0745 GMT October 21, 2019
Experts believe the fourth-century abattoir was set up to prepare the best cuts of beef that were transported to customers miles away along a Roman road found at the site, theguardian.com reported.
They suggest the butchers at Ipplepen, near Newton Abbot in south Devon, worked alongside a string of talented craftspeople specializing in deer antler, leather and textiles.
Previous digs at Ipplepen have unearthed Roman coins, a stretch of Roman road and the remnants of vessels from France and the Mediterranean once full of olive oil and garum — fish sauce.
The site is significant because it has undermined the notion that ancient Rome’s influence had not stretched further south-west in the British Isles than Exeter, 20 miles to the north of Ipplepen.
During the latest dig, the focus has been on a spot away from what is thought to be the center of the Ipplepen settlement. They did not find scraps of pottery that suggest homes but a ditch full of 1,700-year-old cattle bones.
The remains are mostly just the heads and feet of cattle — analysis suggests that cattle were raised locally and butchered when they were at the prime age for producing high-quality beef.
Professor Stephen Rippon, from the University of Exeter, who is leading the archeological work, said that if the cattle had been raised and slaughtered by peasant farmers nothing would have been left of them.
“They would have boiled down the bits that have been thrown away and made something like brawn out of them,” he said.
The age of the animals is another big clue. “The normal practice would have been to keep the cattle into old age, pulling ploughs and so on. Our cattle were one and a half to two years old — which fits in with the idea of this being professional beef production.
“We think they were preparing good meat joints and perhaps storing them in barrels of salted water and taking them somewhere else. This is the first time we have found evidence of commercial farming and butchery in the south-west of Britain.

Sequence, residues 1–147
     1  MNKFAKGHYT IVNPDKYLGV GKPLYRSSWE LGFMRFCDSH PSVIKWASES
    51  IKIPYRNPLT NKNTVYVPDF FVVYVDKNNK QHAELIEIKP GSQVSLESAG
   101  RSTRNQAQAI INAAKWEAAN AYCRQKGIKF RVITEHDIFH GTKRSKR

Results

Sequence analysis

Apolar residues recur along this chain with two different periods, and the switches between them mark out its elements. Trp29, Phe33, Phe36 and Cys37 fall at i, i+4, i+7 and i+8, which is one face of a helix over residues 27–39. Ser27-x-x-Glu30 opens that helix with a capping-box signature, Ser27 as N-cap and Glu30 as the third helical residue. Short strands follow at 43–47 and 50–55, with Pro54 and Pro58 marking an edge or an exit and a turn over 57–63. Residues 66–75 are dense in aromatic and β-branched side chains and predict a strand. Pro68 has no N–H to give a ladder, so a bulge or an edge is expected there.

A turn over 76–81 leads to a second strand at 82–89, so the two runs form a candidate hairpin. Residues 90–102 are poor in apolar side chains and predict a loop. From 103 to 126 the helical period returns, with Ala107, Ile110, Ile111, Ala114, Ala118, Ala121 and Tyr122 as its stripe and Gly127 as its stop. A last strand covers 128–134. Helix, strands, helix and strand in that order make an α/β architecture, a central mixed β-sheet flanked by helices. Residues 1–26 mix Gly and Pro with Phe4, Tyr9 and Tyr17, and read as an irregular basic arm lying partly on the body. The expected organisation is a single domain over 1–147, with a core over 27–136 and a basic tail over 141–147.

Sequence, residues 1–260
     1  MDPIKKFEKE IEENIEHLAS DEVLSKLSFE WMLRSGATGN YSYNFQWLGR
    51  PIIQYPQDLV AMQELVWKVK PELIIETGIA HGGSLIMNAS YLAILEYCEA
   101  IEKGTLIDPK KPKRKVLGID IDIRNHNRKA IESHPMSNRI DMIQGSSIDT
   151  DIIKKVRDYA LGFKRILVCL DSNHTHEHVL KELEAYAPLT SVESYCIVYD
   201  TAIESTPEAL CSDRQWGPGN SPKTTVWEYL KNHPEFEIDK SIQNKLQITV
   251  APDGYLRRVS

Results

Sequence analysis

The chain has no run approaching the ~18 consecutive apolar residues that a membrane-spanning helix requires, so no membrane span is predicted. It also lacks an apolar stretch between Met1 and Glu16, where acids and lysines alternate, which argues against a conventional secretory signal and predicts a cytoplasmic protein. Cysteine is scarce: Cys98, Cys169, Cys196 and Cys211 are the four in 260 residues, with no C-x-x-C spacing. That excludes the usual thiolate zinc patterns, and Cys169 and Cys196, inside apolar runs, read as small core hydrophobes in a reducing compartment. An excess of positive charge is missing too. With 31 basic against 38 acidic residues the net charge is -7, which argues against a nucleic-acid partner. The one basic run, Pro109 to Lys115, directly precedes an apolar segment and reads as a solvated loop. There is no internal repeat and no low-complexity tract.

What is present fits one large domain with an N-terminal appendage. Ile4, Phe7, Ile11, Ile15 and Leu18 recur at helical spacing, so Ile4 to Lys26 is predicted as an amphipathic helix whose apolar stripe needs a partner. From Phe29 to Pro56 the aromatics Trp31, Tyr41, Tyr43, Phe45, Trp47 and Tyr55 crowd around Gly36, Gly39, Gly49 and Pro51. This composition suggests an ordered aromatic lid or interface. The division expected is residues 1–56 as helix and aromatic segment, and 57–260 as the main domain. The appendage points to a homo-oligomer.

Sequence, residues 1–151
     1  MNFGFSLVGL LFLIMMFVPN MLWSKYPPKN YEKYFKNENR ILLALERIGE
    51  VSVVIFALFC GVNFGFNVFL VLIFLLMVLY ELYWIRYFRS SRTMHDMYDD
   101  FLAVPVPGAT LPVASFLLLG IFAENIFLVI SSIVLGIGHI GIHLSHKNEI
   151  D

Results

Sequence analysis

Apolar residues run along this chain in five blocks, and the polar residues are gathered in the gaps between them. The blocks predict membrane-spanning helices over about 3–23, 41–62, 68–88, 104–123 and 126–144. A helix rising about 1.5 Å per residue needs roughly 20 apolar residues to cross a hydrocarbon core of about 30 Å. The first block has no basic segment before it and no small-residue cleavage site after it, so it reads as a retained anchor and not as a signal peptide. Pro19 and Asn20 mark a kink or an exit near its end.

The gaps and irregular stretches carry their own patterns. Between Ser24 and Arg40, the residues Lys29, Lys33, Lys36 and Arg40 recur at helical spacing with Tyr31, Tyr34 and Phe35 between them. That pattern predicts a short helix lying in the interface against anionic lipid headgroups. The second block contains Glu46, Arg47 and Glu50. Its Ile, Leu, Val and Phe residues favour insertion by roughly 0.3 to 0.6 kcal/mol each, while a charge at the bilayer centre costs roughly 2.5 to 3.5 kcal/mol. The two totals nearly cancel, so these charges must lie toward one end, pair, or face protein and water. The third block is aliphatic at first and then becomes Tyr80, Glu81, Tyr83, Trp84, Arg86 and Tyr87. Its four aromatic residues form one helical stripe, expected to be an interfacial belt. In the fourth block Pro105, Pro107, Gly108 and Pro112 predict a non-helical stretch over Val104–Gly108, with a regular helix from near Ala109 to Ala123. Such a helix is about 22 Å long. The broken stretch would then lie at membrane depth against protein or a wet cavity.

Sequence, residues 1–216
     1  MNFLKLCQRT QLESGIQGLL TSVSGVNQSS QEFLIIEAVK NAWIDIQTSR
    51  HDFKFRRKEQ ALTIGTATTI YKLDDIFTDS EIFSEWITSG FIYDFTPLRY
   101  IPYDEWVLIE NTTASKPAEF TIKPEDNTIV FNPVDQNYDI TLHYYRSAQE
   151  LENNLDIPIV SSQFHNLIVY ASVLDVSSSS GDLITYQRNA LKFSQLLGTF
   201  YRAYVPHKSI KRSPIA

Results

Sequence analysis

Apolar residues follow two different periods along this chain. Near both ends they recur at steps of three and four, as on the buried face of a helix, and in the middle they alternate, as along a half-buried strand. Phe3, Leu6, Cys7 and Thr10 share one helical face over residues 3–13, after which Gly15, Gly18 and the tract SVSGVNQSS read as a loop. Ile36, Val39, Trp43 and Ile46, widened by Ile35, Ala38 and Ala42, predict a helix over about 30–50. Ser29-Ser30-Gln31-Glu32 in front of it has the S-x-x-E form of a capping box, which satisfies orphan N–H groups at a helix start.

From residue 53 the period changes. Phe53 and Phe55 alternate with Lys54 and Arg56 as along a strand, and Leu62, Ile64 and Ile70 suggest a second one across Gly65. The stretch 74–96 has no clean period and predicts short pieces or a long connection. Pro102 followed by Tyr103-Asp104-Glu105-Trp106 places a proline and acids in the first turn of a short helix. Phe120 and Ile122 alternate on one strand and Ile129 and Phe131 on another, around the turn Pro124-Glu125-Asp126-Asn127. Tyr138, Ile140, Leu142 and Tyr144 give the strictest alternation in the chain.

“They would have been taken to market somewhere along the major Roman road we have found here. It is really rare to get animal bones preserved on rural archaeological sites in the south-west as its acidic soils normally dissolve the bones.”
The team also came upon a piece of sawn deer antler, possibly used for making objects such as awls, needles, combs and hairpins. This is the first time that evidence for Romano-British bone or antler working has been discovered in Devon outside of Exeter.
Waste from the smithing of iron found during the excavation indicates that there was a blacksmith’s forge nearby, while the discovery of a stone weight may have been used in the weaving of textiles. Though no direct evidence was found, Rippon believes the cattle hides would have been turned into leather at the site.
“This all builds up a picture of Ipplepen as a settlement that is not a normal farming community but a place where craftsmen are making all sorts of things,” he said.
National Lottery funding has allowed the University of Exeter to expand its work with local communities at Ipplepen. This year, the excavation is playing host to 40 local volunteers, pupils from Ipplepen primary school, and members of the Somerset and Torbay Young Archaeologists’ Clubs.